It was 19 degrees that January day in 1988. Deer season was over and we had bad, cabin fever. The late Harold Dotson and I were shivering the rivets out of his boat as we fished Dale Hollow.
We had one of those useless, propane heaters that was all the rage, back then. I had my feet on top of it. Every two or three casts, we dipped our rods in the water to get the ice out of the guides. Then, we wiped our running noses and weeping eyes and cast.
This was well before the float and fly. We were throwing 1/16-ounce, white/yellow hair flies on 4# mono. We would cast as far as we could and let the fly sink to 15 feet or so, then start a very slow retrieve.
We caught as many smallmouth as we could stand before hypothermia set in. It was a lot. Couple good'uns, too.
Fast forward a few years to a similar day on Center Hill. Same boat, roughly same weather. We are in the mouth of Indian Creek, where Jones Creek runs into it. This day, we had 1/16-ounce SlapHappy jigs in white on the same, 4#-mono.
We had the boat in 15 feet of cold water and were casting into about nine-feet. Again, let it sink, very slow retrieve. About every third cast-bang! Fish on. But this time, we were catching crappie and a lot of them. Big ones, too. There was a huge tree down there, under about eight feet of water. Somehow, it fallen just perfectly on the edge of a drop-off. Never did know how that happened.
A lot of advancements have been made in cold weather fishing since those days; better clothes, better heaters, better tackle and most of all better electronics.
I have known for some time, you can catch fish, big fish and lots of fish well before the spring, pre-spawn. I just don't like cold weather enough to do it anymore. Even these occasional warm day like today, are not enough to get me out in a boat, as a rule. But I know a guy that does.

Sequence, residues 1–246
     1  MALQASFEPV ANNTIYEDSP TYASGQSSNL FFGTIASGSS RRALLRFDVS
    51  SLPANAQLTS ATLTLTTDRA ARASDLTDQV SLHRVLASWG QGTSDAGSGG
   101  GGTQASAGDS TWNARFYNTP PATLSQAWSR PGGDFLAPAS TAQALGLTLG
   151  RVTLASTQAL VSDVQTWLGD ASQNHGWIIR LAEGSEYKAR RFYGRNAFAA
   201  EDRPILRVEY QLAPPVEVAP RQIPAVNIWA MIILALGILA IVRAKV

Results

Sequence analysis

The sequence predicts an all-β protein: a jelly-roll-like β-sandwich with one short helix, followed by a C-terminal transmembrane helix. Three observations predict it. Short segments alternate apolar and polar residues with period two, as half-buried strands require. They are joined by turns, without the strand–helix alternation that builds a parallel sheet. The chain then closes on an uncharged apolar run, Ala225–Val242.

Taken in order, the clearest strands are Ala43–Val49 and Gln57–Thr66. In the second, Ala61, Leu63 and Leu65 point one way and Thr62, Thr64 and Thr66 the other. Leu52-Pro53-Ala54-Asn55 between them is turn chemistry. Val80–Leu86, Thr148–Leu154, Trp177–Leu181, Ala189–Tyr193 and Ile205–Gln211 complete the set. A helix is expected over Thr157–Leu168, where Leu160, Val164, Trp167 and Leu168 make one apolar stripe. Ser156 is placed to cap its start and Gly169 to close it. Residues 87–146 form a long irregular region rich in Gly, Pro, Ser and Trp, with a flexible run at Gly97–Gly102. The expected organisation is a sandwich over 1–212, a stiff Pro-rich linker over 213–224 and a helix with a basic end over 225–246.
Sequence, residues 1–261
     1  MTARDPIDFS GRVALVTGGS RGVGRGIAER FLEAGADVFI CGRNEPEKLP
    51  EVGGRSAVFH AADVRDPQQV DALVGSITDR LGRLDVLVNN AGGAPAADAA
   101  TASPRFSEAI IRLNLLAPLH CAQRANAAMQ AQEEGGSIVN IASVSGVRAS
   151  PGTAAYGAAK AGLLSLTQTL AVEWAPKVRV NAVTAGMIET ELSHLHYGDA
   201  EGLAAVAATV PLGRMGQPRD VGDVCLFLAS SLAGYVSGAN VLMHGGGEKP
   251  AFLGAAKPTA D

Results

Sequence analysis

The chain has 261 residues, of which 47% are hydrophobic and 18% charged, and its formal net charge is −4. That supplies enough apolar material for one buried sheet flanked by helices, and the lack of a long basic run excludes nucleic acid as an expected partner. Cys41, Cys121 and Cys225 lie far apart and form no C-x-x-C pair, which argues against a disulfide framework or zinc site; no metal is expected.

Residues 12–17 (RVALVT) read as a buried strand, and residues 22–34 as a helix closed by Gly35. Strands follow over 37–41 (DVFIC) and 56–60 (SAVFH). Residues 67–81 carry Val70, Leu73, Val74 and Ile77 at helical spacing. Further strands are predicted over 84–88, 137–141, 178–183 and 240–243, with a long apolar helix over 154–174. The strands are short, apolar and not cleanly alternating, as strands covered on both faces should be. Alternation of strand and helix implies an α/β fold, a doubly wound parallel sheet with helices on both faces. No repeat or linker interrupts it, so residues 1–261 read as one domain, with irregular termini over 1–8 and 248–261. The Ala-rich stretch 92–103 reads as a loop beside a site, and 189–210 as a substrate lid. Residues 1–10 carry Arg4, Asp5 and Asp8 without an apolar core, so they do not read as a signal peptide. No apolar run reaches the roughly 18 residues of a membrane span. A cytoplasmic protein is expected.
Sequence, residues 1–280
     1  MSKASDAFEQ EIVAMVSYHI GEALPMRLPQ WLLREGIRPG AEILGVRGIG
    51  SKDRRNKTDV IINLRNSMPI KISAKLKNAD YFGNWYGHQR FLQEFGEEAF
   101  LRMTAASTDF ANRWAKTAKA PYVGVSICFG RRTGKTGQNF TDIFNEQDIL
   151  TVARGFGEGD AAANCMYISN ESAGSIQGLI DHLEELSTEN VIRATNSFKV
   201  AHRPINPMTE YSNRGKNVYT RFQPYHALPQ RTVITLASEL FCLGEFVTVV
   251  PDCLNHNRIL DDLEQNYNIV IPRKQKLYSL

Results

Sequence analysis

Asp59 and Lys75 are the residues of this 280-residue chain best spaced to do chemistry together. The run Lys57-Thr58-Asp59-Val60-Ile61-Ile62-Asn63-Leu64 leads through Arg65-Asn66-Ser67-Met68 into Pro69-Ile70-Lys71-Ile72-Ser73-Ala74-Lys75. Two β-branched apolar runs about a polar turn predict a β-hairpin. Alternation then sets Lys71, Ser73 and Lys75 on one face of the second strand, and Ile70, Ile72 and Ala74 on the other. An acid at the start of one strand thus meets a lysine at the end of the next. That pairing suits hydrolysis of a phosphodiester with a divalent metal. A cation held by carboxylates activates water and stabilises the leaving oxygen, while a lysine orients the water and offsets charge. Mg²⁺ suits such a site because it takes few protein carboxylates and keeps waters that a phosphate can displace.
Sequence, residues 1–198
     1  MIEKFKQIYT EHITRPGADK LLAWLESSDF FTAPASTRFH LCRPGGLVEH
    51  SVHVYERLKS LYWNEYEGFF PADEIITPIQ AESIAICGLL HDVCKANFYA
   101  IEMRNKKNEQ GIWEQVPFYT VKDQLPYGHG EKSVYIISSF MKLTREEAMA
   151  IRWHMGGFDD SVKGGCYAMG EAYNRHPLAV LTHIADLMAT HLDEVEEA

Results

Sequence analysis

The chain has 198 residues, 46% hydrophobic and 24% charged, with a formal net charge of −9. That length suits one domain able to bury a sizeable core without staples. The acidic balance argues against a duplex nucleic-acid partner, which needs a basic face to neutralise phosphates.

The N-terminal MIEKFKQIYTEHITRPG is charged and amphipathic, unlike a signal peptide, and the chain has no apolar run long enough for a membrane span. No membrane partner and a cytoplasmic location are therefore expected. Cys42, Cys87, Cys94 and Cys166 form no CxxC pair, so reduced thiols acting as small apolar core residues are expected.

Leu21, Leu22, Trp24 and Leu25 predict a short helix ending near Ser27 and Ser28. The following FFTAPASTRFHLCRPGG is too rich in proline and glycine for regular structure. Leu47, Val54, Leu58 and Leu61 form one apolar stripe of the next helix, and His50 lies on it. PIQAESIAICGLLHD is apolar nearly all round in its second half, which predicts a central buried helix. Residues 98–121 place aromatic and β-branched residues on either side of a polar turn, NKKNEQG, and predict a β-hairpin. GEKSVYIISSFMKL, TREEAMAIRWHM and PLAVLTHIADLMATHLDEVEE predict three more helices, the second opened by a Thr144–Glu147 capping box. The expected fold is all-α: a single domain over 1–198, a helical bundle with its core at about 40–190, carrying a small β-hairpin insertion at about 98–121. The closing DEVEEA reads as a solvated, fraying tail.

Richard Simms owns and operates Scenic City Charters, a freshwater fishing guide service based in Chattanooga. I have mentioned him several times.
He guides mostly on Chickamauga and knows it well. So, I asked him about fishing in January.
It was January 1st, New Year's Day, about 10 years ago. Me and a friend were off work for the Holiday and bored stiff.
He and I routinely liked to long-line troll for pre-spawn crappie. March was always the peak month for us, but we often started catching a decent number of crappie in February. For some off reason, on this New Year's Day, we decided to go give it a try.
You could have knocked us over with a feather when, after about four hours, we had two limits of monster white crappie swimming in the livewell. All caught long-line trolling tiny jigs in 8 to 11 feet of water. It was cold as geewillikers. I don't remember exactly, but I'm guessing the water temperatures were in the high 40's.
We were shocked for two reasons... 1) that we caught such a huge number of fish at all, and 2) that they were all white crappie.
The predominant species in Chickamauga Lake is black crappie, but we didn't catch a single one. They were all white crappie that for whatever reason had moved up onto a spawning flat.
I don't think I've repeated that experience since, but rarely try since I'm usually still duck hunting at that time. However we do routinely catch great numbers of crappie longline trolling in February, long before most anglers ever think about serious crappie fishing. In fact it's not unusual to go through a hot streak in February, and then the fishing slows down for a few weeks until the March, "pre-spawn" peak occurs.
Bottom line, don't think it is ever too early in the year to try some of your traditional late-winter, early-spring crappie techniques. You might be surprised.
You can contact Richard at firstname.lastname@example.org or call 423-509-4655.
So although it may still be just a tad chilly, fish can be caught.
The key is go with smaller lures and slow down. Heck, even Judge David Durham caught a 5#-plus bass last January 30. But be warned, you never know what is going to hit. It could be a 34# drum.
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